Ant Financial is set to pursue the biggest acquisition in its history after agreeing to take over US remittance service provider MoneyGram International for $880 million, continuing a recent — and aggressive — approach to offshore acquisitions by the company.
The transaction, which is by far the biggest effort by Ant Financial to expand outside Asia, will see the Chinese firm take control of the 77-year old American brand, one of the world’s most recognised money transfer service providers, as well as its 350,000 outlets across the globe.
The deal was announced just days after chief executive officer Eric Jing spoke about Ant Financial’s aspirations of developing a global business. According to Jing, Ant Financial plans to provide services to 2 billion users — including 1.2 billion non-Chinese users — within 10 years.
Buying MoneyGram is a big step towards achieving that goal, since it will give Ant Financial instant access to 2.4 billion bank and mobile accounts. That is nearly four times its own existing customer base of 630 million users.
But most importantly, Ant Financial is adding an almost completely new client base to its majority Chinese users. MoneyGram provides services in over 200 countries. It is unlikely Ant Financial would have been able to access such a large and diverse user base on its own, according to a person familiar with the Chinese company.
MoneyGram, a Dallas-headquartered company, helps users send and receive money across borders. Most transfers arrive within minutes, according to its website.
It has entered into partnerships with a number of national postal services including Postal Savings Bank of China, Poste Italiane, Canada Post and United Kingdom’s Royal Mail.
Supported by a $4.5 billion fundraising in April last year, Ant Financial has been following in the footsteps of its parent company Alibaba by snapping up various assets to expand its portfolio in the run-up to a highly-anticipated initial public offering.
In 2016 alone, Ant Financial has invested in over 10 companies domestically and abroad. These include a $350 million investment in food delivery company Ele.me and another $100 million in auto dealership firm Souche. The firm also took a minority stake in Hong Kong-listed China Zheshang Bank for $30 million.
Outside China, Ant Financial has invested in Indian third-party payment processor Paytm, Thai e-payment services provider Ascend Money, South Korean internet-based lender K-Bank and Taiwan’s Cathay Insurance.
These minority investments are seen as efforts to transform Ant Financial into a full-service financial institution, enhancing the firm’s potential market value ahead of its plan to go public.
But the acquisition of MoneyGram is different. It is only the second time Ant Financial has acquired a company in full — it bought US biometric security firm EyeVerify in November — signalling that the Chinese firm is keen to take control over the money transfer company and include it in Alibaba’s financial ecosystem.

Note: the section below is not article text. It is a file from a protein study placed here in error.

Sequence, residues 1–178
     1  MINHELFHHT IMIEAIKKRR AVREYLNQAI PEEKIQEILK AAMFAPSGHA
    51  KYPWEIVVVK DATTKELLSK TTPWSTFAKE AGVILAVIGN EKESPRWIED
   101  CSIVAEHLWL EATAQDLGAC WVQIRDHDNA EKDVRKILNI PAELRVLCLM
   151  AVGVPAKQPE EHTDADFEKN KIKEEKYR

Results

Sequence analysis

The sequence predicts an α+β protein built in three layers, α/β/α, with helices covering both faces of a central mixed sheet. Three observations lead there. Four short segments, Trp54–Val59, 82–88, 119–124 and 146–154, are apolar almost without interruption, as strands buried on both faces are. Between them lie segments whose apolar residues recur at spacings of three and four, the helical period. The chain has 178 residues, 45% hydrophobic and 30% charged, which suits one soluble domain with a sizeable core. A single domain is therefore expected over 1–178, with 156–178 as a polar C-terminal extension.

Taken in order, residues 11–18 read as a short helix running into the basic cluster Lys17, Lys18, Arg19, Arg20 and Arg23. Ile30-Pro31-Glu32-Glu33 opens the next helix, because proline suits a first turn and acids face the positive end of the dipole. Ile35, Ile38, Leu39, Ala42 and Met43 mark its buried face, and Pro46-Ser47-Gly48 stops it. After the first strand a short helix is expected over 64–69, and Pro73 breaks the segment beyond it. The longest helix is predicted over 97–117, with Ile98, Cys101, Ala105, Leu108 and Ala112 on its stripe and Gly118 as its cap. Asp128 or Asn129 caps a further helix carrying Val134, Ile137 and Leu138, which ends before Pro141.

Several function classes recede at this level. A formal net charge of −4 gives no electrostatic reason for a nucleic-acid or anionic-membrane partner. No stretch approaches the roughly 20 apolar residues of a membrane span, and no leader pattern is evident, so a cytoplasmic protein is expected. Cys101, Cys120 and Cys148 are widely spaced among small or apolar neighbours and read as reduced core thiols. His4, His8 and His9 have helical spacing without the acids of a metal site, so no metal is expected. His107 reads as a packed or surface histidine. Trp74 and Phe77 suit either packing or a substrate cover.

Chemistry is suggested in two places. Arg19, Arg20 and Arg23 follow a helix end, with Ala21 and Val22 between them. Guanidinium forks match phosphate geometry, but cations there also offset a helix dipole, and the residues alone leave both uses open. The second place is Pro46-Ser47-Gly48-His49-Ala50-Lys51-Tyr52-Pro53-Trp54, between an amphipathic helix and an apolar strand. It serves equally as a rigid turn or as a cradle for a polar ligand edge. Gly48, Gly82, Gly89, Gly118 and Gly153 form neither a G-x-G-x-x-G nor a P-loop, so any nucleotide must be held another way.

Ant Financial is buying MoneyGram at a time when Alipay, the firm’s core online payments platform, faces increasing competition from other e-payment service providers in China.
According to Chinese market research firm iResearch, Alipay’s share in China’s e-payment market has declined sharply to 51.8% in the first quarter of last year from 68.4% in 2015. At the same time, the market share of Tenpay, the e-payment application under Tencent, jumped to 38.3% from 20.6%.
Last year also saw a number of new entrants into China’s e-payment market in partnership with China UnionPay, the country’s state-run bank and credit card network. Apple launched its mobile payments system Apple Pay in February, while Xiaomi and Huawei also started mobile payment applications.
As such, acquiring MoneyGram could allow Ant Financial to diversify its income stream and reduce the reliance on Alipay, which is estimated to be worth more than half of Ant Financial’s entire market value.
Ant Financial is offering MoneyGram shareholders $13.25 per share, representing an 11.5% premium to the Nasdaq-listed company’s $11.88 Wednesday close. However, the total consideration should be much higher since Ant Financial is also taking on the $937 million long-term debt on MoneyGram’s balance sheet as of the end of September last year.
The acquisition requires approval from MoneyGram shareholders, but that is unlikely to be a major hurdle. This is because the company’s senior executives — holding a combined 46% stake — have already agreed to vote in favour of the transaction, according to Ant Financial’s statement.
The deal is, however, still subject to regulatory approvals including from the Committee on Foreign Investment in the United States (CFIUS). There is a risk the deal could fall at that hurdle, since money transfer is seen as a sensitive business, said a source familiar with the company.